Elsewhere in the festival, films like Alonso Ruizpalacios’ heist-thriller Museum and Jia Zhangke’s Jianghu crime epic Ash is the Purest White flirted with genre conventions to tell stories with undercurrents of political history.
The film that did this with the greatest impact, however, was Cristina Gallego and Ciro Guerra’s drug trade drama Birds of Passage. Set among the Wayuu people in Northern Columbia, the film charts a young bachelor’s transition into a powerful drug lord – initially swapping coffee for dope in order to fund his dowry, his empire grows as the decades pass. In exploring how the drugs trade (and the money it brings in) affects the customs and rituals of the Wayuu people, the film shows how capitalism erodes traditional values and corrupts the younger generation. Spanning from the late sixties until the early eighties, it’s an epic, mythic tale – almost like a South American Godfather.
Interestingly, two other films grappled with political history through the idea of historic re-enactment: Robert Greene’s Bisbee ’17, which frames itself as a documentary, and Radu Jude’s I Do Not Care If We Go Down in History as Barbarians, which frames itself as fiction (of sorts).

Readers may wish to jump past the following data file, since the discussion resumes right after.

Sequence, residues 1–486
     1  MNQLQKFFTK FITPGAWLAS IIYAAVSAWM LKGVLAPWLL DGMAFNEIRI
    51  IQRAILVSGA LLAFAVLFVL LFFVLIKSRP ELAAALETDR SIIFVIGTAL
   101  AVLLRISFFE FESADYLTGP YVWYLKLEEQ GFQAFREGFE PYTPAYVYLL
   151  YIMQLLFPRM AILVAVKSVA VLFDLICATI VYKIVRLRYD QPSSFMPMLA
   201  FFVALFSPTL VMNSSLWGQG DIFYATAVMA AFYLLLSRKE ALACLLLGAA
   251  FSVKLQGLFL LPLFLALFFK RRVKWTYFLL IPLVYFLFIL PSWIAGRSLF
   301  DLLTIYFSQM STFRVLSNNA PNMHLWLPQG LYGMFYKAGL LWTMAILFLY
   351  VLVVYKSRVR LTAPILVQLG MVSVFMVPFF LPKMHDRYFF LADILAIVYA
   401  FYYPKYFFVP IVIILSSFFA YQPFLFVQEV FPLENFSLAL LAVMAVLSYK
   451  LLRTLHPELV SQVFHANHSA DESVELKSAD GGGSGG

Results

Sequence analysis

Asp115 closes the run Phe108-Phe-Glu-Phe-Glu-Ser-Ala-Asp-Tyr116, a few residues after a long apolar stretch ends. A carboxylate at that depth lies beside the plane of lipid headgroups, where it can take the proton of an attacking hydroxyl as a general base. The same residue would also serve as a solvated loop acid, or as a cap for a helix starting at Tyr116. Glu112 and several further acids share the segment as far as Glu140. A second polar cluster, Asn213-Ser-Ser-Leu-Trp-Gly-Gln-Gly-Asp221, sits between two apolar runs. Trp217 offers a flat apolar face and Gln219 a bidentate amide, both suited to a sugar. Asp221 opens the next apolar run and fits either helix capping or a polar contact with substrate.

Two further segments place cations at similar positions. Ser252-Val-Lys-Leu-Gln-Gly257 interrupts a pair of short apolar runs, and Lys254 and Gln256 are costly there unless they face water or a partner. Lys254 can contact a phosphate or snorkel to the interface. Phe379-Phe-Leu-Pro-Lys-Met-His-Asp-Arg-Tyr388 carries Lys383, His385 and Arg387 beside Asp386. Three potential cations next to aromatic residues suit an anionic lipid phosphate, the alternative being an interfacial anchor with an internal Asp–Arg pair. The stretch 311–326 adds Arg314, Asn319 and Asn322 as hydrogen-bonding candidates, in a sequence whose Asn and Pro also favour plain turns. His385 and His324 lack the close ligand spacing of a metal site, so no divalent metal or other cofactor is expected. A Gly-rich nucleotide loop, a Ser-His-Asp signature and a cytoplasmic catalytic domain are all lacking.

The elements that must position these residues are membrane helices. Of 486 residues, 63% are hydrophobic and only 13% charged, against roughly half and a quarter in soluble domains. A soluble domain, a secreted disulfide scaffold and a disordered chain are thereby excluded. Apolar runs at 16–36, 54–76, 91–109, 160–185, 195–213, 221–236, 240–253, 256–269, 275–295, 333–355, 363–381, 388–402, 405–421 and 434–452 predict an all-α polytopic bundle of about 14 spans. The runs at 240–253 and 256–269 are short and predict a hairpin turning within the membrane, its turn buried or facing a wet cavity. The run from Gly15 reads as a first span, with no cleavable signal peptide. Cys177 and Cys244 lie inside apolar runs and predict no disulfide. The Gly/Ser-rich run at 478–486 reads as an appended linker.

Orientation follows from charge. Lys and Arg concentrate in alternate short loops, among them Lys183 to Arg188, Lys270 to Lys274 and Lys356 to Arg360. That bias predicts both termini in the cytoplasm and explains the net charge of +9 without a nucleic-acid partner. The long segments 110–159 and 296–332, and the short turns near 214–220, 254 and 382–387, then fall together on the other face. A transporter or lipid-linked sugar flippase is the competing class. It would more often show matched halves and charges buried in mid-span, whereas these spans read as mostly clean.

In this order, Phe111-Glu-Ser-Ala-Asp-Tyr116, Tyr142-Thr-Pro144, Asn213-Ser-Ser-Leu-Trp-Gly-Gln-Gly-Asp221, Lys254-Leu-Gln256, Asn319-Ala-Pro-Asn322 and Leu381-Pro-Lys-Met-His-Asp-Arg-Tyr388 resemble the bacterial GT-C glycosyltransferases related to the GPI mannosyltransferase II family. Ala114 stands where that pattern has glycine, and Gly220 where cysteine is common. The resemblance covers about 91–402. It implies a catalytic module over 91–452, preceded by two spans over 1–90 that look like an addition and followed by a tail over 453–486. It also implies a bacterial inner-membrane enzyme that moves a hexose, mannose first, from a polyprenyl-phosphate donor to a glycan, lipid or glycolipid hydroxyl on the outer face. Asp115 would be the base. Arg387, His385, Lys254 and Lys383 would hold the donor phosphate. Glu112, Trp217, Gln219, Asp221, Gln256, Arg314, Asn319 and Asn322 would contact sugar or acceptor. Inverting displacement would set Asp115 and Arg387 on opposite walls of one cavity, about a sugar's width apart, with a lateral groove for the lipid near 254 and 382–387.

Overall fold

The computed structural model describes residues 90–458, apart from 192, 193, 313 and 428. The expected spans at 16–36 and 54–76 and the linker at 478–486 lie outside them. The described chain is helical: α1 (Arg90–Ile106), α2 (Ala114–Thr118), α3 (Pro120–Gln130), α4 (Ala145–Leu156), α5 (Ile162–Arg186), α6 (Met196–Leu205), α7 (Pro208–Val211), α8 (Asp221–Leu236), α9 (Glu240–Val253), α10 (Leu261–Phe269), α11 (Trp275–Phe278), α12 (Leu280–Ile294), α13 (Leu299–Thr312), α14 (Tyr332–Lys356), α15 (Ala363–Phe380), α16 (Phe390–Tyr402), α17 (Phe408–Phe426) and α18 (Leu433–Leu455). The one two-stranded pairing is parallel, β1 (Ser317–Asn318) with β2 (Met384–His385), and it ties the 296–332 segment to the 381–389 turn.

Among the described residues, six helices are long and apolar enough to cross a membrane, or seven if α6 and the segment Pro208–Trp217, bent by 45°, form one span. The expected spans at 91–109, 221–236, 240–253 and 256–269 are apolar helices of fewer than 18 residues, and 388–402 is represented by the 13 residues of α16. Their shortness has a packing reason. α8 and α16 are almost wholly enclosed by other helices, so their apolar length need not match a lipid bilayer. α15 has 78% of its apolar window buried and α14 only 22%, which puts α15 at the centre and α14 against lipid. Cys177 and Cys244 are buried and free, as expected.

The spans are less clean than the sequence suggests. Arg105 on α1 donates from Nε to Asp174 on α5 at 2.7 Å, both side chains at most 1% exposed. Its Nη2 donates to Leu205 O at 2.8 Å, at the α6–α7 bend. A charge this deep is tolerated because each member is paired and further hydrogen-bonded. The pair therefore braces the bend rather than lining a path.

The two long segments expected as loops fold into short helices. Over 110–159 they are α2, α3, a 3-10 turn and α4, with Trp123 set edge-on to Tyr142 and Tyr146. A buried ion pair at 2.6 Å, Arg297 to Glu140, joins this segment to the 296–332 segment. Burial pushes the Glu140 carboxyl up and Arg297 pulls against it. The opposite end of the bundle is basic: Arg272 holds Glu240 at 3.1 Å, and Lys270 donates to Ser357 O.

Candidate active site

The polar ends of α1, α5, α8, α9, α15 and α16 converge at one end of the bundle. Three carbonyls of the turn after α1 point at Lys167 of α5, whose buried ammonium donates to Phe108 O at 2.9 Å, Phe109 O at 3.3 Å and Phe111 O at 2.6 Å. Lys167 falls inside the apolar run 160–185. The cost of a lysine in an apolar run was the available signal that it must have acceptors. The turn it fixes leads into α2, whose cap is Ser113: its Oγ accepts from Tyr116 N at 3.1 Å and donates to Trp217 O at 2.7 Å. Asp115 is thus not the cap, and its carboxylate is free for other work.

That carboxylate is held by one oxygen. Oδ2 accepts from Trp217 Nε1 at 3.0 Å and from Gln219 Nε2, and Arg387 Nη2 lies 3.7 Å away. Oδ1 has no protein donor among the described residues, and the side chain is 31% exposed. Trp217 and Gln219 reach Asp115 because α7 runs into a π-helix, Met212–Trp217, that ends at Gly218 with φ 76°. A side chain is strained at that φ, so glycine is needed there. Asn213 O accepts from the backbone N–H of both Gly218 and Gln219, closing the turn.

Bisbee ’17 centres on the 2017 centenary of the Bisbee Deportation, in which 1,300 striking miners were forcibly rounded up and removed from Bisbee, Arizona and left stranded in a New Mexico desert with no food or water. 100 years on from the event, the city is still wrestling with the complicated legacy of the event and decides to stage a large scale re-enactment which forms the centrepiece of Greene’s documentary. As the film unpacks the history of the deportation, contemporary relevance is impossible to ignore: many of those who were taken were born outside the US, and families were torn apart as the miners were sent away. Not content with these present day parallels, Greene also explores the past – touching upon the mythology of the Old West and the Native American genocide.